There are business orders you get that feel like manna from heaven, only for them to turn into something from Friday the 13th movie. This is how my 2018 started off, after a challenging first year of business and wondering whether to fold it or re-think the business model. We landed the biggest order in the company’s infancy. Butali House has a service called Book Buy, which essentially is getting books you cannot find in the local bookshops. This service began sometime in July 2017 with a lot of trial and error as we were perfecting the process. It was like training for this order that would come our way, and we were ready for it. But then the unexpected happened the nightmare began.  

 

The order we received was from an education institution who needed the books urgently, and we understood this very well. We had the confidence of an undefeated heavyweight boxer and assured the client that we would deliver the books in time. They paid us in full, and we promised to fulfil the end of our bargain. Now, there are two third parties involved in the Book Buy service, the sellers of the books who are primarily in the UK and the logistics company that transports the books to us. It is a fairly straight-forward process, and since we had been doing this for like six months, we could estimate delivery times. We told the client within two weeks the books would be in their hands.

 

After ordering the books we spent the next two weeks dreaming of possibilities and opportunities that hang over the horizon. We began to count the number of institutions that would need our service. This was the sign from God to continue just as we were about to give up. However, it was the calm before the nightmare that was brewing on the shores. The two weeks elapsed and the logistics company was only able to deliver 50% of the books ordered. They promised the rest the following week.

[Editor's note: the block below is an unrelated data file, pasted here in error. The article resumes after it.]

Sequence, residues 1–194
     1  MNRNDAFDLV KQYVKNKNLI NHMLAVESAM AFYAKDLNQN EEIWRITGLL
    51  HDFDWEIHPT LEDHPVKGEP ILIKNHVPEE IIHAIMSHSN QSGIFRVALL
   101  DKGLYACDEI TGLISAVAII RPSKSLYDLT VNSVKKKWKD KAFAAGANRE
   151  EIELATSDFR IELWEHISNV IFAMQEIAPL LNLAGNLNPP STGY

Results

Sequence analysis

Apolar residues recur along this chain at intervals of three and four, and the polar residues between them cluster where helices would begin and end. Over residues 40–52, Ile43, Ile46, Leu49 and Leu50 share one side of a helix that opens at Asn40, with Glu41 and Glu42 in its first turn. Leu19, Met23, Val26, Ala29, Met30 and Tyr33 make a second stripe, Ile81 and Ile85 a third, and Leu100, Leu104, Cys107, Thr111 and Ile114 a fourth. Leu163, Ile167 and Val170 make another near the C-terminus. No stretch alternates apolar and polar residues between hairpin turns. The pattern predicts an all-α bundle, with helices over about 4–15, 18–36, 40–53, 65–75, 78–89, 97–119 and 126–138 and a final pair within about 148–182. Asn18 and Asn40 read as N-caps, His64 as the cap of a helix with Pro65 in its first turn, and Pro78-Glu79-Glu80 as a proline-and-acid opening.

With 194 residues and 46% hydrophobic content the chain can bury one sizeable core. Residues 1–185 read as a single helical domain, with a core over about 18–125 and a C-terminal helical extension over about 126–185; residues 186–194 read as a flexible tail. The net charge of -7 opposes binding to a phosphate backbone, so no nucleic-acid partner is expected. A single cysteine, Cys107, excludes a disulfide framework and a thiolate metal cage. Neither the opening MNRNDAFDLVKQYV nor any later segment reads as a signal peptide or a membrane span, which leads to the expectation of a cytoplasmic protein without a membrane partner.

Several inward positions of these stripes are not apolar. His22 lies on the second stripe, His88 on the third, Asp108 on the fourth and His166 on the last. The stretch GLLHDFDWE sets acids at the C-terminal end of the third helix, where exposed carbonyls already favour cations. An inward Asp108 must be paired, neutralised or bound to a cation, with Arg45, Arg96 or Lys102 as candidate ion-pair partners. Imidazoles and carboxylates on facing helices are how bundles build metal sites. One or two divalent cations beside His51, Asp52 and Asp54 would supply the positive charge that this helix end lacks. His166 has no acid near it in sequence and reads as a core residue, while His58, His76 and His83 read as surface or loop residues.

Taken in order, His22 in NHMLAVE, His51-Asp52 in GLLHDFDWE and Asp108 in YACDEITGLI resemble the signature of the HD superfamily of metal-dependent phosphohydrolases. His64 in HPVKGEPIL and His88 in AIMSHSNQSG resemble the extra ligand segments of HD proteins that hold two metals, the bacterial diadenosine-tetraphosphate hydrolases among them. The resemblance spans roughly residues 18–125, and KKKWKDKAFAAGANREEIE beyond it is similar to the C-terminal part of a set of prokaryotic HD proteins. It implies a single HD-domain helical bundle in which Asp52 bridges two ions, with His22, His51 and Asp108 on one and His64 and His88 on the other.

The following week arrived, no books only another shift in date. Once again, I had to write an apology email to the client for the change in delivery date and give a confident assurance that the books would be delivered. When the latest date came, the logistics company informed me that the books were not yet in, and they did not know when they would be delivered. This is the point during the film where it is dark, full moon and something is chasing you in the woods. At that moment it felt like someone had sucked the air out of my gut, I imagined the uncomfortable phone calls and another apology. They explained that there was some problem with space on the planes, but it did not comfort me. I told them the urgency of the situation and the dilemma they were not only putting me in but the company, but it yielded nothing. I wouldn’t have minded as much if the logistics company screwed up on any other order but the one order that needed to go flawless because a lot hinged on it, was the one they messed up.

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I sent another apology email with all manner of adjectives, ‘extremely sorry,’ ‘sincerely apologise’, and the one cliched excuse I despised ‘due to unforeseen circumstances, we are unable…’. When you have the heads of five different departments calling then you know it just got real. It reached a point where I wanted to refund the client, but we did not have the cash. I woke up in the middle of the night concerned about daybreak. The phone ringing caused the heart to beat faster and switching off the phone felt like the best escape (I never did that though).